What kind of message are we sending to aspiring musicians out there? That your music, talent, potential, and drive do not really matter. What only matters is how much money do you have in your account and how much money do you have to pay for your career. So I guess you can literally buy your way into the music industry if you have enough money right? How can we even be sure that artists and bands music and talent are even being taken into consideration if the money is the deciding factor? That is the message this is sending. If you want to make a career in the music industry and do not have money do not even bother trying. Maybe I am wrong but this is how it sounds to me.

    If an artist or band wants to do things totally their way then signing with indie labels is the way to go. They will have more control over their career which no amount of fame or fortune can be exchanged. However, they will not get very far in my opinion with success unless they have the money to cover all the costs themselves. Which brings us back to the original point. Most artists and bands do not have this type of money. So only the bands that do can make it? So if you have the right amount of money you can buy your success?

    Just something to think about guys.

  • M. - March 16, 2018 reply

    I just thought about something else. If the following is really the truth:

    “musicians who believe they could really “make it” if they just had more financial support or industry connections [but that] Labels, especially in 2018’s musicians who believe they could really “make it” if they just had more financial support or industry connections. Labels, especially in 2018’s tumultuous music industry climate, aren’t looking for completely unknown artists with great potential to bestow money and notoriety to. They’re interested in investing in bands who have already proven some amount of commercial success, acclaim and agency within the industry.

    I have a question then for the ReverbNation staff. Why then do you send members who have paid for the Basic and Premium memberships “opportunities” to submit their material to record labels? I mean, doesn’t that kind of contradict what has been stated in this article? Somehow, it doesn’t make sense. Shouldn’t ReverbNation make a statement about this in the on their website and specifically in the section where one pays for either the Basic or Premium membership? Shouldn’t ReverbNation be vetting artists and bands before they even sign up for such services? To see if these potential members (artists and bands) meet the record labels requirements for signing an artist or band? This information would be helpful for many artists and bands.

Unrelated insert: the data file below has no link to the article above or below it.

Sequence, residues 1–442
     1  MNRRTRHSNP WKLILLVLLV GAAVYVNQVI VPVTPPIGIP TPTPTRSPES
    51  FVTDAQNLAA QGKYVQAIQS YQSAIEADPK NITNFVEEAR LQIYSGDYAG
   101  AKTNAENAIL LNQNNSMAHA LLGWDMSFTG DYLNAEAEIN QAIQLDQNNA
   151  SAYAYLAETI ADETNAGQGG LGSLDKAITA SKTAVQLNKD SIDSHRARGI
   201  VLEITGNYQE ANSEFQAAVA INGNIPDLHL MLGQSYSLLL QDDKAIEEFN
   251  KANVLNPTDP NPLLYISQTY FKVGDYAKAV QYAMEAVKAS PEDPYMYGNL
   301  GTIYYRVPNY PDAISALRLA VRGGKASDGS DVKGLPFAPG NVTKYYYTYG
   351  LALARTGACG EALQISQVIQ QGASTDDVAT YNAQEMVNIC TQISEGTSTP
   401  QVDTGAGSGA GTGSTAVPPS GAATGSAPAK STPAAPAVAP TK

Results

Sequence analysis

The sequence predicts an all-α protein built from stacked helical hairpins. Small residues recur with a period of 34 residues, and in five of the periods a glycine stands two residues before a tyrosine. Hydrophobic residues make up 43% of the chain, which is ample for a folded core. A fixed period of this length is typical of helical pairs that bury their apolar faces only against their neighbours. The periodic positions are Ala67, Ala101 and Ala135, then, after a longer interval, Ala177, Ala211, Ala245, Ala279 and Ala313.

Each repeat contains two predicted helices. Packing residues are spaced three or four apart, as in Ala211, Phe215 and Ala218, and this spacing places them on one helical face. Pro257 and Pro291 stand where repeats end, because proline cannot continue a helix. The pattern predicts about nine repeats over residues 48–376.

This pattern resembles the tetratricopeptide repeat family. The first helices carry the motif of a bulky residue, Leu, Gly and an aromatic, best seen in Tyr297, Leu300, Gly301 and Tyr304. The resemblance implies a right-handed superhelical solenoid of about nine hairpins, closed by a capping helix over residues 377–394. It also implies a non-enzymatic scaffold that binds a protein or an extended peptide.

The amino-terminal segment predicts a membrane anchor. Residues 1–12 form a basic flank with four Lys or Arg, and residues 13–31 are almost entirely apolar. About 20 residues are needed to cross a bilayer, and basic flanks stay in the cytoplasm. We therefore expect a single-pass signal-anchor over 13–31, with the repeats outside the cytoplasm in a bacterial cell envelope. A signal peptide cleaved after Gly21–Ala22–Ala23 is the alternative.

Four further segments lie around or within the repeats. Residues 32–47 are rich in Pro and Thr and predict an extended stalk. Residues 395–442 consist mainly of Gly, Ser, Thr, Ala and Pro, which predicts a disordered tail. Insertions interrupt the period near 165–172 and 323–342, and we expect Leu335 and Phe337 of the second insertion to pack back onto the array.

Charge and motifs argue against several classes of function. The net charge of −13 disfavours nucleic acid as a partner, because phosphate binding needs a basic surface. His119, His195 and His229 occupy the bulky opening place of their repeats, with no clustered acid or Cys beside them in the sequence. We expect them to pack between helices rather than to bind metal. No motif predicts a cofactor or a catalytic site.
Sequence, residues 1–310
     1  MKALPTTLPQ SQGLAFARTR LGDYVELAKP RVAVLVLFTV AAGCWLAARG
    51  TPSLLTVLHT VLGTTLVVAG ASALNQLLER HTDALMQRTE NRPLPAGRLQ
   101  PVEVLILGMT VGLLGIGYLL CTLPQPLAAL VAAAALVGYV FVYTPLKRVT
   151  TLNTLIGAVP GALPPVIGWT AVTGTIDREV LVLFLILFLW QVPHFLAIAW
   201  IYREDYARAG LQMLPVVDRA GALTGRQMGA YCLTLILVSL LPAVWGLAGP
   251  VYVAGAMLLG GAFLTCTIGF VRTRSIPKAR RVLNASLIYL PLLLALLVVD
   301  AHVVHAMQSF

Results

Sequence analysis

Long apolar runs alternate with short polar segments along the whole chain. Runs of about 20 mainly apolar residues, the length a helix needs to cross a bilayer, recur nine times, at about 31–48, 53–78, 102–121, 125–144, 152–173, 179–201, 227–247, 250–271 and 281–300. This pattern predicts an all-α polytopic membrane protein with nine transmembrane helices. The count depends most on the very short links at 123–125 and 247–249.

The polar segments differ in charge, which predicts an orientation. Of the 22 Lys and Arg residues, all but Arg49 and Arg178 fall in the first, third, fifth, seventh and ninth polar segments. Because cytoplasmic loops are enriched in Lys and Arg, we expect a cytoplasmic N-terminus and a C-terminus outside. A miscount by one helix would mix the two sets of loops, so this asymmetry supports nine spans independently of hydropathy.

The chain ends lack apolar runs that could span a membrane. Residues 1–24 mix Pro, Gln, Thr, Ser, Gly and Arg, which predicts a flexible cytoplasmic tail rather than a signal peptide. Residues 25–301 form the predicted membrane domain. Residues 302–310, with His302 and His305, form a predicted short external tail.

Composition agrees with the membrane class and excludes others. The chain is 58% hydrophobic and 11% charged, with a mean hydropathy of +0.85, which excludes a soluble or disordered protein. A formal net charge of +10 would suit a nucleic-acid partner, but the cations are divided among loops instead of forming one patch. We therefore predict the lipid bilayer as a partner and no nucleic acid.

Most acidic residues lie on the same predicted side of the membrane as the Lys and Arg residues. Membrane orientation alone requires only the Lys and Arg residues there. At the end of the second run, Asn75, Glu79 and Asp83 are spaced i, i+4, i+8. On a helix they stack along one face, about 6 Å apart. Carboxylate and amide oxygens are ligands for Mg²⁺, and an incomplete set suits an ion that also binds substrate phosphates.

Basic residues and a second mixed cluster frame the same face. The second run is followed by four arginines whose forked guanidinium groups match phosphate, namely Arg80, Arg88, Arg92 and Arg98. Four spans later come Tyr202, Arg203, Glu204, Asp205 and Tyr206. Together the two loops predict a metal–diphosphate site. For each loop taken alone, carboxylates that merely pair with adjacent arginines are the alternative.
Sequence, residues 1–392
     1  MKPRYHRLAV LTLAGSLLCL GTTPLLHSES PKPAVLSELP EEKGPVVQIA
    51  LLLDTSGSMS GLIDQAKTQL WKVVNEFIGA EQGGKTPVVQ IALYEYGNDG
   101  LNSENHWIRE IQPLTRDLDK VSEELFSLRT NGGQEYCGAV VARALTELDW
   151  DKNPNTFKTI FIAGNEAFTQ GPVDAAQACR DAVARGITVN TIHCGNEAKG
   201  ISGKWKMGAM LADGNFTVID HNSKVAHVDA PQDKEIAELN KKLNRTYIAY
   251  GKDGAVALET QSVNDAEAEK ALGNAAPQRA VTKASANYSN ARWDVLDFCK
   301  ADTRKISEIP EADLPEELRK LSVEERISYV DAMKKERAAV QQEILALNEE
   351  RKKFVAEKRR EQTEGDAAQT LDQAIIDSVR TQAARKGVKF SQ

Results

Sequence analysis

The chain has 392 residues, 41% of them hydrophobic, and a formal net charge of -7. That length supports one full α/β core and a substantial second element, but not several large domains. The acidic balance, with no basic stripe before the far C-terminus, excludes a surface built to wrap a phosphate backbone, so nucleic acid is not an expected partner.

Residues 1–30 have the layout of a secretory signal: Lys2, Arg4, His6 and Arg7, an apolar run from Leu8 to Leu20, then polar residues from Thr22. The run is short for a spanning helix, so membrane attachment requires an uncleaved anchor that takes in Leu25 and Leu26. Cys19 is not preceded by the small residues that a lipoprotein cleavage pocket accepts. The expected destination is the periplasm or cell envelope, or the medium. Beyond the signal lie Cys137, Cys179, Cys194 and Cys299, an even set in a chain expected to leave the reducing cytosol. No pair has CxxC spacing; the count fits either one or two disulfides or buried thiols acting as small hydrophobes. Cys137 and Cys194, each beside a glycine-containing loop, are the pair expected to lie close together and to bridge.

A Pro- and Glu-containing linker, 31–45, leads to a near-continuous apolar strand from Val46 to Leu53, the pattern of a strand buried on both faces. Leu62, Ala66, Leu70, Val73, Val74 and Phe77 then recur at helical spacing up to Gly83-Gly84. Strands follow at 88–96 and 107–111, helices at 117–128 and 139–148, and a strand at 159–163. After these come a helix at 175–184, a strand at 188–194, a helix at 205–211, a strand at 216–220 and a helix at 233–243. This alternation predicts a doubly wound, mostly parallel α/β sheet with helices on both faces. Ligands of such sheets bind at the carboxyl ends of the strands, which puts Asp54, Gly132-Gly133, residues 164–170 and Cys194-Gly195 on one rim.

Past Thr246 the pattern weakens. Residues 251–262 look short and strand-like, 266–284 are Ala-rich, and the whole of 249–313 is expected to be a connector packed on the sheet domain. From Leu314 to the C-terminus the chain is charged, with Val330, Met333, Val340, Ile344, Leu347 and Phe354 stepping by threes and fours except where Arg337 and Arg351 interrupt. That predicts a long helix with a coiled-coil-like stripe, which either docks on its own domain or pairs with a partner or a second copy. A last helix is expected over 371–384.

Posting some points like this would be helpful:

    1. “Due to the current tumultuous music industry climate, records labels aren’t looking for completely unknown artists with great potential to bestow money and notoriety to. They’re interested in investing in bands who have already proven some amount of commercial success, acclaim and agency within the industry.”

    2. This also means if you are an artist or band that has been around for a while or just starting out and do not have the financial means to achieve a certain amount of success on your own, and do not have a fans base a record label deems sufficient, and do not have an idea how to promote yourself properly, then you need not apply to record labels. Record labels in the current music industry also only want to deal with artists and bands that have their own capital to invest, can do almost all of their own promotion etc. Record labels no longer see talent as the only requirement an artist or band needs. They want to see how much you have in your bank account.

    3. Record labels are no longer in a position and are no longer willing to sign/invest in unknown artists and bands to help them get their careers started. This means they no longer front the costs of recording, touring, Artist Development etc. to artists and bands that have great talent and potential but unfortunately no money of their own to invest.

    4. Money is the key for artists and bands today if they want to make it in the industry. If you as an artist or band do not have a substantial amount of money to finance your way into music industry, then do not even try. You will only be ignored. Today you need money to buy your career in the music industry. This may all seem harsh but it is reality and the truth.

    Another thing I was wondering. If RevebNation really knows all this then as I stated before, they should be vetting potential paying customers. No need in taking money from artists and bands that do not have adequate capital to fund their careers. ReverbNation could also save themselves time sending record label opportunities to artists and bands that do not meet the aforementioned criteria. ReverbNation could also save themselves website server space that the paying customers get as part of the Premium membership. They could have more space for the paying customers that do meet the aforementioned criteria.

    Or is it all about the money for ReverbNation? You know, tell artists and bands that if they pay for a Basic or Premium membership that they will have all these opportunities available to them just so the ReverbNation can make some money? Then casually drop the hint about how the industry really works after artists and bands have already paid for one of the aforementioned membership services. I don’t know but one could interpret it that way. I am not saying that ReverbNation is doing this. I am merely stating that is how it could come across to some people.